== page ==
Monday, December 10, 2012

Determining if your Android Application is in Background or Foreground

This question comes up a lot. How can you tell if your application is going into the background, or if you're just switching between activities in your own application? The "right" solution is both intrusive and, I might say, outdated. getRunningTasks() is certainly wrong (see the same question as for why). So what's the real right way?


The answer is the poorly documented Application.ActivityLifecycleCallbacks, added in API level 14 (Android 4.0 Ice Cream Sandwich). Granted, this method doesn't work if you're targeting something earlier than API level 14, but hopefully we can encourage people to develop for later versions of Android and encourage phone manufacturers to update their phones.

How it works

The key is in understanding how activities coordinate with each other. When switching between activities A and B, their methods are called in this order:

B.onResume(); (Activity B now has user focus)
A.onStop(); (if Activity A is no longer visible on screen)

I wrote about the callback calling order between the ActivityLifecycleCallbacks and Activity classes earlier, and the key is checking if the number of resumed activities equals the number of stopped activities. If so, then your application is being backgrounded. If more activities have been resumed then stopped, then your application is in the foreground. Check it out:

// File
public class MyLifecycleHandler implements ActivityLifecycleCallbacks {
    // I use two separate variables here. You can, of course, just use one and
    // increment/decrement it instead of using two and incrementing both.
    private int resumed;
    private int stopped;
    public void onActivityCreated(Activity activity, Bundle savedInstanceState) {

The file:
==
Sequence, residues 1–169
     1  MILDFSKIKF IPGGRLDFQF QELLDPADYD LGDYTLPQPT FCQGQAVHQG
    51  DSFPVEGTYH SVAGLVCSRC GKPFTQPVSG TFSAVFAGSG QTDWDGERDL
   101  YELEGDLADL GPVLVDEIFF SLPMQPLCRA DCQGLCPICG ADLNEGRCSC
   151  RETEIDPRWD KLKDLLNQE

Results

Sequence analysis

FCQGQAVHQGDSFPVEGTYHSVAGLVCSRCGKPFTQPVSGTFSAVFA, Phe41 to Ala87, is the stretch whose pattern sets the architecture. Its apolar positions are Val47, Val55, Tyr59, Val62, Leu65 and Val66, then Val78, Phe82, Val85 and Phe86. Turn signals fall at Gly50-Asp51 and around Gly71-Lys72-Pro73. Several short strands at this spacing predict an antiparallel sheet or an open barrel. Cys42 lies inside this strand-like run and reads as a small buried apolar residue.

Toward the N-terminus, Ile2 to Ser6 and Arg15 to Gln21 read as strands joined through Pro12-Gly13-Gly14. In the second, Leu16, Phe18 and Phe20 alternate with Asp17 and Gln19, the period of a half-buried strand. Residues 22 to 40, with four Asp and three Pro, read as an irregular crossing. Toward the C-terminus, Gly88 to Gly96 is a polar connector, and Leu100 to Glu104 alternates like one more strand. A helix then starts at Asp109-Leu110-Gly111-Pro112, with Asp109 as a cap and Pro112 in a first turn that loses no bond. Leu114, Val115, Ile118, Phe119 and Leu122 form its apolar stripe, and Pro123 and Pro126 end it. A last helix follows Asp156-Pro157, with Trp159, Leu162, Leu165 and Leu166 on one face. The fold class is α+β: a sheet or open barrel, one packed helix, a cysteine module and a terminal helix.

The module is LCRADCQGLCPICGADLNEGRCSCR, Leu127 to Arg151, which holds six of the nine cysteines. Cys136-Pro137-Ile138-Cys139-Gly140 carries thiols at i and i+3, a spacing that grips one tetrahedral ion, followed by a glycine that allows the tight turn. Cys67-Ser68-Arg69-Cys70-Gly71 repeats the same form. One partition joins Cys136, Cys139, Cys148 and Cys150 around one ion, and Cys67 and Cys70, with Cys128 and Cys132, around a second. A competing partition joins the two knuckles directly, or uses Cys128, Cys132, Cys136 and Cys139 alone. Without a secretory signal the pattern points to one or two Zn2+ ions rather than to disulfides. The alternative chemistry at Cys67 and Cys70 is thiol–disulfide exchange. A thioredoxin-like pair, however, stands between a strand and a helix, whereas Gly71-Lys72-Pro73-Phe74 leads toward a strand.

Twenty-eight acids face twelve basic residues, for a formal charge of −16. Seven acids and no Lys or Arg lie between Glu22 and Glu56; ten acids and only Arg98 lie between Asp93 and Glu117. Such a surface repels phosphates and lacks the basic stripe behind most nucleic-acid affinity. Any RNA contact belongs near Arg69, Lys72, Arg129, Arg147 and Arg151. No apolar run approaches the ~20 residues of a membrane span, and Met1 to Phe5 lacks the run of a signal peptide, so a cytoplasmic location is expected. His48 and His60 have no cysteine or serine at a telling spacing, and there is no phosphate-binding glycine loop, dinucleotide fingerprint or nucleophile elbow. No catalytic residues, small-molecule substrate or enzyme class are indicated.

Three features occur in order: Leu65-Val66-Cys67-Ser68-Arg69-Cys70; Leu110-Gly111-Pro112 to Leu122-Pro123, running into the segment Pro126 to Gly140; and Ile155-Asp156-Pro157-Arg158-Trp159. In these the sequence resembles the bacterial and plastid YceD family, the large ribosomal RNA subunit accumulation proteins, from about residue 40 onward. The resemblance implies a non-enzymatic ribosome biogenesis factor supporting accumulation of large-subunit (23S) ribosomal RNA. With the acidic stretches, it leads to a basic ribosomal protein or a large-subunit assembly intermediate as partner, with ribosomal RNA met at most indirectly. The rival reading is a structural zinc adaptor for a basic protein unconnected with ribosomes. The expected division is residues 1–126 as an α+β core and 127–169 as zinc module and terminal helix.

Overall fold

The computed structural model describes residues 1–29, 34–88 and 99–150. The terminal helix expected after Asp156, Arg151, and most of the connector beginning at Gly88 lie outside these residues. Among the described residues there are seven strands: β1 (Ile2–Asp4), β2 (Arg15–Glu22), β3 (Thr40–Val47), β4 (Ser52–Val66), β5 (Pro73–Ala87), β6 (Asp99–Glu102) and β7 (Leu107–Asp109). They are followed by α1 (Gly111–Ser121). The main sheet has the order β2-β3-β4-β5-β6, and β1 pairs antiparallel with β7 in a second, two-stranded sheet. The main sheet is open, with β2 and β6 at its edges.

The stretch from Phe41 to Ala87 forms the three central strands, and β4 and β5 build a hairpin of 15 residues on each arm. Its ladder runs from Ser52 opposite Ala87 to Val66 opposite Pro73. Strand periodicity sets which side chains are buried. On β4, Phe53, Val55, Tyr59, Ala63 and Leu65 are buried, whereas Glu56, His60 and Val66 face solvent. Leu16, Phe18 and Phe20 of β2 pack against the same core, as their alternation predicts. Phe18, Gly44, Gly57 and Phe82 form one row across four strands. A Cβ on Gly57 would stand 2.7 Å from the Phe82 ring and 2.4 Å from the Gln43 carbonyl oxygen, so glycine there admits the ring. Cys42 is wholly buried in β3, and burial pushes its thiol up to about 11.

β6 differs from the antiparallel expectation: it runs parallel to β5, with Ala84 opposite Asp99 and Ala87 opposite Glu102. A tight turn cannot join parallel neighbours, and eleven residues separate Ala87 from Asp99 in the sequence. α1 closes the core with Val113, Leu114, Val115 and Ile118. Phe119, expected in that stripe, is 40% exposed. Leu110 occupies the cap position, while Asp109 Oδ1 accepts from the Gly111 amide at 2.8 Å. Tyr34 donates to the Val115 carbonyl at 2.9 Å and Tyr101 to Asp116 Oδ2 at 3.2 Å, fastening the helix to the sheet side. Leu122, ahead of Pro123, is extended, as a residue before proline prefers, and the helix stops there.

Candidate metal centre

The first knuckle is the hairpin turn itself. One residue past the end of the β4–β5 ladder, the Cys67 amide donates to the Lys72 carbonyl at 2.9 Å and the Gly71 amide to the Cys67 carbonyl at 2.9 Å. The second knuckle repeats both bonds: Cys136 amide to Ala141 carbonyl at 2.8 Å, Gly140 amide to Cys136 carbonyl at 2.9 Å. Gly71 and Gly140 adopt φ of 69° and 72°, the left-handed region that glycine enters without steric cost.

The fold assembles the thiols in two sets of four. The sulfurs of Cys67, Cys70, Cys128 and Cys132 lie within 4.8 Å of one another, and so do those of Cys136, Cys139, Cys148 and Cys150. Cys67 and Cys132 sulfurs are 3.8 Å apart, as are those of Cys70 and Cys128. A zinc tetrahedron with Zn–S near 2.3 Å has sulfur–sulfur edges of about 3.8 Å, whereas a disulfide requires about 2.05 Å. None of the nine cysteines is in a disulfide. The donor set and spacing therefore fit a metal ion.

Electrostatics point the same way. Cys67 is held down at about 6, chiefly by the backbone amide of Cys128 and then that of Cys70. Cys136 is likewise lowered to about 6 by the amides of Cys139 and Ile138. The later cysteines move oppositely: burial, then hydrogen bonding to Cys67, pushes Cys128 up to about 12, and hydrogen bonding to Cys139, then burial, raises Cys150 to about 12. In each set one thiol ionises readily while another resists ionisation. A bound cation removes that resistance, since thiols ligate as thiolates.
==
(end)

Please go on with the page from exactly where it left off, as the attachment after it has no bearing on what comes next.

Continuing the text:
public void onActivityDestroyed(Activity activity) {
    public void onActivityResumed(Activity activity) {
    public void onActivityPaused(Activity activity) {

    public void onActivitySaveInstanceState(Activity activity, Bundle outState) {

    public void onActivityStarted(Activity activity) {

    public void onActivityStopped(Activity activity) {
        android.util.Log.w("test", "application is being backgrounded: " + (resumed == stopped));
    // If you want a static function you can use to check if your application is
    // foreground/background, you can use the following:
    // Replace the two variables above with these two
    private static int resumed;
    private static int stopped;
    // And add this public static function
    public static boolean isApplicationInForeground() {
        return resumed > stopped;

// File
// Don't forget to add it to your manifest by doing
// <application android:name="your.package.MyApplication" ...
public class MyApplication extends Application {
    public void onCreate() {
        // Simply add the handler, and that's it! No need to add any code
        // to every activity. Everything is contained in MyLifecycleHandler